There’s another reason as well. We ignore bad leadership because it cannot be understood as separate and distinct from bad followership. We cannot begin to understand how bad leaders get away with what they get away with without beginning to understand how followers enable them, whether actively, with deliberate forethought, or passively, by being bystanders. Put directly, bad leadership puts on vivid display the unbreakable link between leaders and followers – a link that the leadership industry willfully ignores precisely because there’s no money in it. There’s big money in teaching people how to lead, but not in in teaching people how to follow. Still, it’s up to us, credible leadership researchers, to think of leadership as a system, one in which, inevitably, leaders and followers interact.

The leadership system is simple, really. It has only three parts – but they are each of equal importance “leaders,” “followers,” “contexts.” In fact, it was while I was writing Bad Leadership that I came to understand that leadership was not all about a single individual; it was about the followers and context as well. To take a glaring example, you cannot understand what happened in Nazi Germany by understanding only the tyrant at the top – Adolf Hitler. You must also address the actions and attitudes of his followers, the German people – ranging from those who were Hitler’s acolytes, to those who were “ordinary men,” to those who dared to resist the Nazi juggernaut. The resistors, I should note, were followers who flat out refused to follow. Similarly, you must understand the context – German history and culture, German politics and the German economy, which, during the 1920s and early 1930s, had careened from skyrocketing inflation to crippling depression. Only by looking at the whole picture can we begin to come to grips with what happened in Nazi Germany, and how and maybe even why.

Bad leadership is as endemic to the human condition as is good leadership. It’s a crying shame that the leadership industry continues, largely, willfully to ignore it.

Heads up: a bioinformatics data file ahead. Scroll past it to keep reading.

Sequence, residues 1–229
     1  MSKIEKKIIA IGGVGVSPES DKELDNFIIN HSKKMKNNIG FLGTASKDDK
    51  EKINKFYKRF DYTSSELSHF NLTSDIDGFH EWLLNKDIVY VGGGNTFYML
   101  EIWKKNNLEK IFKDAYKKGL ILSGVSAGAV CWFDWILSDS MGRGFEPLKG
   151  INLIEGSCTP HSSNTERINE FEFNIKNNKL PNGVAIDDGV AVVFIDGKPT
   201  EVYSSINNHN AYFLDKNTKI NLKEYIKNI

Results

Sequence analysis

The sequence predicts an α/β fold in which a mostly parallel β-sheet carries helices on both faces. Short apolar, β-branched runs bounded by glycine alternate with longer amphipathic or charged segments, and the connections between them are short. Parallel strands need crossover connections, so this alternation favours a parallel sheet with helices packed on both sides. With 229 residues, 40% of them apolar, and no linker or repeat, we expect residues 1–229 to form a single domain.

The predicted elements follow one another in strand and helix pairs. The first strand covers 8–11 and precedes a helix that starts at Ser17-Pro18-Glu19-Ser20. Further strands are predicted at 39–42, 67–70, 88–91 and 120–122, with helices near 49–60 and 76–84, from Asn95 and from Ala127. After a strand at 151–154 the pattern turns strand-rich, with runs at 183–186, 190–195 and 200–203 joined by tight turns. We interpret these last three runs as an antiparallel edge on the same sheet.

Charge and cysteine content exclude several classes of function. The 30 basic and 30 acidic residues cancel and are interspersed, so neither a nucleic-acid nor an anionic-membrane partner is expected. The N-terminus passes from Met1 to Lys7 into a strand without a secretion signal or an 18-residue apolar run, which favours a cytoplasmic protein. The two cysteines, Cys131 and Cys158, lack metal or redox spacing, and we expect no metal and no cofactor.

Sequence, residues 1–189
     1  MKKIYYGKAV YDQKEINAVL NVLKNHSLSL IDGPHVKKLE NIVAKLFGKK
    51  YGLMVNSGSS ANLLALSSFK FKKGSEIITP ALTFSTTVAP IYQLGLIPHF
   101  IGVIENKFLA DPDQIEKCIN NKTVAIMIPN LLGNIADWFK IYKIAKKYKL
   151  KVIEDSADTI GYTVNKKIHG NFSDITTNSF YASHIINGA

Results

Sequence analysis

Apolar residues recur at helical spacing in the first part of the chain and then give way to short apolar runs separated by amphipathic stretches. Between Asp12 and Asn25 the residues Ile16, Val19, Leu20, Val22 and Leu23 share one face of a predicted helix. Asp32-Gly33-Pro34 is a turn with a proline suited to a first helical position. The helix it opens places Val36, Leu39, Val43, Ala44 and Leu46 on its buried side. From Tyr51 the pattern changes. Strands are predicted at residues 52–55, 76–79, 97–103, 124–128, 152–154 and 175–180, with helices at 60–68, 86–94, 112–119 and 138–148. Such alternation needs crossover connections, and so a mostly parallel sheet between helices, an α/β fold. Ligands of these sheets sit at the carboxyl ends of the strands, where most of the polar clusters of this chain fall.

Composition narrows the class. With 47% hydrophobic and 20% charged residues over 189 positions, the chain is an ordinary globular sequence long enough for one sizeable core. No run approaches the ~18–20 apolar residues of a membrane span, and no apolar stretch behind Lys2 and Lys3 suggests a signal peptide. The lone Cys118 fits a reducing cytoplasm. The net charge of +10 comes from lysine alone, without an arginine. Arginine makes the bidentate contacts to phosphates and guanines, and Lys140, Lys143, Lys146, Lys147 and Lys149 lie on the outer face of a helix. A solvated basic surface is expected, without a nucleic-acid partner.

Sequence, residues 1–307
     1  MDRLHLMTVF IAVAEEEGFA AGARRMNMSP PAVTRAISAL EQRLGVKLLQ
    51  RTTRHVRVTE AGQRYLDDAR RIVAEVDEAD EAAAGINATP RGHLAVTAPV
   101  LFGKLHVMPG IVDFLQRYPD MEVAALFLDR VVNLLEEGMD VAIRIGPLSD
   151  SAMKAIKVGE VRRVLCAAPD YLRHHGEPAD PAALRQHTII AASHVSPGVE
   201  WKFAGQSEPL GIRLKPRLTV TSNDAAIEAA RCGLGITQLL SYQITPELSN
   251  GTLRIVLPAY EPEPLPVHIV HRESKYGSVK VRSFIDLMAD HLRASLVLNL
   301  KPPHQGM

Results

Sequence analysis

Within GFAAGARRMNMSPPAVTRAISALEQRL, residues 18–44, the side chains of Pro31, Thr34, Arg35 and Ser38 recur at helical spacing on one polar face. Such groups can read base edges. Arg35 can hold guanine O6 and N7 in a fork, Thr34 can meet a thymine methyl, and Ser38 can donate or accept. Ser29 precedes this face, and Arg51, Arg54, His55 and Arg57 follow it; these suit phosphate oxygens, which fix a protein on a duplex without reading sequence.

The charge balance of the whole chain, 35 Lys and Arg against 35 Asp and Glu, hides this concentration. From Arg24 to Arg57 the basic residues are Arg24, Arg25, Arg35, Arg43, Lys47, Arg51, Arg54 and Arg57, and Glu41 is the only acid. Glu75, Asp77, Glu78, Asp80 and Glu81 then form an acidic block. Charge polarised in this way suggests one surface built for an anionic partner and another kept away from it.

S&L: Given that you see followers and the leaders are part of a system, should more attention be given to the important role of the followers in the leadership system?

Kellerman: When I wrote Followership in 2008 the word still elicited a censorious spellcheck prompt; either I had misspelled the word, or it did not even exist. But though it’s now quite commonly used, the word, “followership” remains still a stepchild in the leadership industry, and in most organizations, even in institutions of higher education that ought to know better. Moreover, the idea that learning how to follow wisely and well might be of consequence, in addition to learning how to lead wisely and well, tends to strike even the most ardent leadership advocates as wrongheaded or even ridiculous.

The well-known social psychologist Edwin Hollander pointed out two generations ago in his 1978 book, Leadership Dynamics, that “Leadership is a process of influence which involves an ongoing transaction between a leader and followers. The key to effective leadership is this relationship. Though most attention is given to the leader, leadership depends upon more than a single person to achieve group goals. Therefore, the followers as well as the leader are vital to understanding leadership as a process.”

Most leadership researchers who focus on followers divide them into groups, or types. In Followership, for example, I developed my own typology based on a single metric that aligns followers along a single continuum: level of engagement. I divided followers into five types – Isolates, Bystanders, Participants, Activists, and Diehards – depending on where they fell along a continuum that ranged from doing absolutely nothing, to being passionately committed and deeply engaged.

I urge anyone with an interest in leadership not to be put off by the very word “follower.” Followers are not sheep. Followers are not weak or passive. Of course, if you prefer, use another word, such as “stakeholder.” All I am arguing is that those other than the leader can, and sometimes do, participate equally in decision-making. Those other than the leader can, and sometimes do speak truth to power. Those other than the leader can and sometimes do, upend the status quo.

The leadership training industry